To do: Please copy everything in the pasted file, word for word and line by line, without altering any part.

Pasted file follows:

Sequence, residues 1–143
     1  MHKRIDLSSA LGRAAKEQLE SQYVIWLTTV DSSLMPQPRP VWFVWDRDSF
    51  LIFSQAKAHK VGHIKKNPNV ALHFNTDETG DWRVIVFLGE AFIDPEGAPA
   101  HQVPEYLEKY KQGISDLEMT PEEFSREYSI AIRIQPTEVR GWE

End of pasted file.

Sequence, residues 1–143
     1  MHKRIDLSSA LGRAAKEQLE SQYVIWLTTV DSSLMPQPRP VWFVWDRDSF
    51  LIFSQAKAHK VGHIKKNPNV ALHFNTDETG DWRVIVFLGE AFIDPEGAPA
   101  HQVPEYLEKY KQGISDLEMT PEEFSREYSI AIRIQPTEVR GWE